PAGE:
If you think that the likes of the NSA needs to rely on zero-day exploits to get their job done, you apparently have things completely wrong. At the USENIX Enigma security conference in San Francisco this week, the NSA's chief of Tailored Access Operations, Rob Joyce said that it's his team's sheer talent makes its attacks successful, not simple flaws waiting to be exploited. While it does seem likely that the NSA makes use of zero-day exploits when the juicier ones are found, Joyce says that it's not as though his team simply has a "skeleton key" that's able to open any door it chooses. Instead,... Read more...
A hot topic brought up often in the search for America's next president is the security and privacy of the country's citizens. Unfortunately, such matters rarely find themselves in the hands of politicians who truly understand what they're talking about, and we saw just such an example again Saturday night, during the Democratic presidential debate. During the debate, Hillary Clinton tried to put viewers at ease with the assurance that she has no desire to force companies to engineer back doors in their software that the government could access. "I would not want to go to that point." In her next... Read more...
Over the past couple of years, we've discovered case after case that highlights the extent the US government is willing to go to spy on whoever it can. It's an interesting juxtaposition, then, to keep learning about new revelations that show how the US government itself has been spied on, while remaining completely oblivious to it. This past summer, it was revealed that the U.S. Office of Personnel Management agency was breached, ultimately resulting in the leaking of data on 4 million government employees. Not long after, we learned that China had managed to gain access to US security clearance... Read more...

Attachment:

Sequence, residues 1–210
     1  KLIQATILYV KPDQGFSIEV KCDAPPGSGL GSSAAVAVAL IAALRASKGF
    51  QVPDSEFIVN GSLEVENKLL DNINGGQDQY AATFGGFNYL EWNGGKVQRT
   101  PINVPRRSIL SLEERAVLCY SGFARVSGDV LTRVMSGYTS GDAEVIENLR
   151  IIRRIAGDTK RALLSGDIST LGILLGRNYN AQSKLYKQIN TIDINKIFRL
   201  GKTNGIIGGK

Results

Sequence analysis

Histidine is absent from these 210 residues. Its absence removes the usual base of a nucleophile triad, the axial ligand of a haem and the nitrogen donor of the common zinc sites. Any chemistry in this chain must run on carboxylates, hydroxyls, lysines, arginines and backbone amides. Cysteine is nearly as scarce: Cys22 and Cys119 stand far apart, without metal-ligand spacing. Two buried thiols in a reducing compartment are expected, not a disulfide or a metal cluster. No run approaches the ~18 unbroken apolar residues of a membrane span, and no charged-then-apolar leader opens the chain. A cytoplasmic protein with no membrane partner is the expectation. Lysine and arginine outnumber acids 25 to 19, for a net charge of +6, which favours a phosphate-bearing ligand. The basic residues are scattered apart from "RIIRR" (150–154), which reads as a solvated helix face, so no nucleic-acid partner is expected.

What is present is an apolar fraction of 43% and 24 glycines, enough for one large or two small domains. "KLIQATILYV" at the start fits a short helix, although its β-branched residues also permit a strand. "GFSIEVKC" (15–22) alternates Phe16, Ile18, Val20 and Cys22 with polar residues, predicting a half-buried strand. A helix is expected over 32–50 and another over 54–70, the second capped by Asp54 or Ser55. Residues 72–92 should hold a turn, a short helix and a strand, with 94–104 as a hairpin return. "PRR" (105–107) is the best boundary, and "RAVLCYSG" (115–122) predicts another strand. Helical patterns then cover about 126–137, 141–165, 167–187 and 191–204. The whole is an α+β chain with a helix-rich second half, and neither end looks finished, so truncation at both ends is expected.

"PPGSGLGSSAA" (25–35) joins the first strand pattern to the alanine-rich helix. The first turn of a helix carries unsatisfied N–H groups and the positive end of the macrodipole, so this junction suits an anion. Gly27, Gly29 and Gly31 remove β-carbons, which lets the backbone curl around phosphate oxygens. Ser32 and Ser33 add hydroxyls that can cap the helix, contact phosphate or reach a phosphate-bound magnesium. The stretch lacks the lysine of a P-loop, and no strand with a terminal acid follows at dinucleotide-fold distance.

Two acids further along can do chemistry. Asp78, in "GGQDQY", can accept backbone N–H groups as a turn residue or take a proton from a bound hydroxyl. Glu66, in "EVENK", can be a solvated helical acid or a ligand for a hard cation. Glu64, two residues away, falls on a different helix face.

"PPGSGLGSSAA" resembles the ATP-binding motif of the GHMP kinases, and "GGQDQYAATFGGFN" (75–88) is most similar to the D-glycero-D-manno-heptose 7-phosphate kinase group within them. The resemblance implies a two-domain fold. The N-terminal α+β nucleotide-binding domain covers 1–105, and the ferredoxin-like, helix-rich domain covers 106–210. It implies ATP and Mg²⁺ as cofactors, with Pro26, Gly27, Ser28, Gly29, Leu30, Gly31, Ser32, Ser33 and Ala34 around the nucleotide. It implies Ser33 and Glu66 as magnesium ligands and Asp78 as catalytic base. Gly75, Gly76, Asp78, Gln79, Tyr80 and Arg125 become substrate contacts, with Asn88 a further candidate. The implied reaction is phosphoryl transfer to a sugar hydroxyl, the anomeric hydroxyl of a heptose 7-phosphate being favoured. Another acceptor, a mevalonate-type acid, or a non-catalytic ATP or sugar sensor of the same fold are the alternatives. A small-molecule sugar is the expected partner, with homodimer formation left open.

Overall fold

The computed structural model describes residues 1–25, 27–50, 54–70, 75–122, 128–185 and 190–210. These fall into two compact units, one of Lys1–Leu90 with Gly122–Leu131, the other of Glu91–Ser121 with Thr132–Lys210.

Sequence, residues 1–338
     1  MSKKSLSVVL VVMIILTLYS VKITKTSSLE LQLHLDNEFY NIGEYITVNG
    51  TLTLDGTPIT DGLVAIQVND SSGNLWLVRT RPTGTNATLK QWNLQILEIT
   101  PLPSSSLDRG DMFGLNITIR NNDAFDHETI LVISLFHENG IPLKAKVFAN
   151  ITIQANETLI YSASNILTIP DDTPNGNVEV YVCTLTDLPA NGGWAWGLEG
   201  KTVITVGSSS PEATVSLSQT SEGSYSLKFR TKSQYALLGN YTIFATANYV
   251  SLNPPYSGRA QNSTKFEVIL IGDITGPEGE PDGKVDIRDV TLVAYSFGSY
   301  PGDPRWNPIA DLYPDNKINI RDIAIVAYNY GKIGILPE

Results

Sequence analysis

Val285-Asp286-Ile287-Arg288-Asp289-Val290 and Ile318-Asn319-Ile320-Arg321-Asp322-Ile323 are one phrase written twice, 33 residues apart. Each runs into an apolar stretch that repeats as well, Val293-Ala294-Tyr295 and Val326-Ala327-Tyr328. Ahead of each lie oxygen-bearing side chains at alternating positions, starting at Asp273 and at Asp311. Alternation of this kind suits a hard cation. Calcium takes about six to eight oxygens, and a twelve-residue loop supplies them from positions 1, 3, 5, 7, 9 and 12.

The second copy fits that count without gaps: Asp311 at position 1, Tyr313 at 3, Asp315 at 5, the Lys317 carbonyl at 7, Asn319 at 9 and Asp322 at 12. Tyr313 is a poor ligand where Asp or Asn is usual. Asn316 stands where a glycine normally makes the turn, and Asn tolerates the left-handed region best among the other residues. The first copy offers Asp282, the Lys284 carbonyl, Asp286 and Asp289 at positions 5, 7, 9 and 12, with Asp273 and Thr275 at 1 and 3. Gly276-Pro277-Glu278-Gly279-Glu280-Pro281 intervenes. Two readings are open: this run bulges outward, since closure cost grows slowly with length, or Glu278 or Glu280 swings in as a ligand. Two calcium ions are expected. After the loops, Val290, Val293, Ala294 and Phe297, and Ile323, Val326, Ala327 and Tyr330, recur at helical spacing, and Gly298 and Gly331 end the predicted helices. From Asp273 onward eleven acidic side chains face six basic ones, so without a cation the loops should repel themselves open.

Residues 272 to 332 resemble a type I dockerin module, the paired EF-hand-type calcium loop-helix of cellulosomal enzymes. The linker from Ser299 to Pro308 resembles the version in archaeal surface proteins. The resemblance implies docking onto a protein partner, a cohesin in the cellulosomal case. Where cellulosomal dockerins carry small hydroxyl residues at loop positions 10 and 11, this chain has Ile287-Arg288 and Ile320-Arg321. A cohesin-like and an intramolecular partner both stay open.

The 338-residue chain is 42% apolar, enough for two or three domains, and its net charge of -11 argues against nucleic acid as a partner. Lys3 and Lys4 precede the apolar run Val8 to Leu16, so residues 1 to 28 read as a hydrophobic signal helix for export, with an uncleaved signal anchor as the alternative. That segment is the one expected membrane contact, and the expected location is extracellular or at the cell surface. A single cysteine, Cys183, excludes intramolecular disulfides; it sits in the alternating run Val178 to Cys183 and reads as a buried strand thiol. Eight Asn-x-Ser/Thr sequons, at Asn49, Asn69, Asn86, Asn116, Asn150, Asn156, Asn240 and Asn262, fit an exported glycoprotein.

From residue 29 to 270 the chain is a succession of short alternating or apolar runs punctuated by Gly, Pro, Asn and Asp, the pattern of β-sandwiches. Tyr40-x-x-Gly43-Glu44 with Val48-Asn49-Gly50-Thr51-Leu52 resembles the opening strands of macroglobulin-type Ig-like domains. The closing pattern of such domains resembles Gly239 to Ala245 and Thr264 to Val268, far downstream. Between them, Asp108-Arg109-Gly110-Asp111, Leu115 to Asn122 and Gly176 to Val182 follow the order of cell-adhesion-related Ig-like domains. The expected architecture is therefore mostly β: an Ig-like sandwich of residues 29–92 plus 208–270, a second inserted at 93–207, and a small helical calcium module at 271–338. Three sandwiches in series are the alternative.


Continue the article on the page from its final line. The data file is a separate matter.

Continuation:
A task force for the Federal Aviation Administration has laid out a proposal that would require owners of unmanned aircraft to register their drones with the government. The registration system is one that's based on the weight of such aircraft and would only exempt ones that weigh less than 250 grams, or just over half a pound. The Task Force crunched a lot of numbers dealing with ground level velocity, drag coefficient, air density at sea level, kinetic energy, and other factors in determining that drones weighing 250 grams or more should be registered. It also took into consideration things... Read more...
As great as it was to win the battle for net neutrality, it would have also been great to experience the same victory with CISA. Alas, it has not happened, and the reality of it couldn't be more unfortunate, or perhaps discouraging. CISA stands for "Cybersecurity Information Sharing Act", and its name doesn't leave much to the imagination. It allows corporations to share information with the government that's deemed important to national security, and is designed to prevent the sharing of irrelevant information - or, in better terms, "everything else." It's no secret, though, that the US government... Read more...
Last month, US and Chinese governments agreed to a "digital truce", where neither country would knowingly support cyberattacks against each other to steal commercial secrets. While the agreement is solid overall, it does have a number of caveats, including the lack of protection where government secrets are concerned. Nonetheless, based on the findings of security research firm CrowdStrike, it seems like this agreement could be considered pointless. Since the agreement took place, CrowdStrike monitored seven different instances where Chinese-based hackers tried to penetrate U.S. businesses. Five... Read more...
When Edward Snowden blew the whistle on the significant spying efforts conducted by the NSA two summers ago, it was hard to grasp at first what ramifications would result from the documents release. Since then, the world has been hit by one leak after the other, and ultimately, we've seen that it's not surprising to see the US government do whatever it has to do in order to monitor the people it wants to, regardless of whether or not you feel this type of mass surveillance constitutional. Now, nearly six years after Chelsea Manning released a staggering collection of sensitive classified and unclassified... Read more...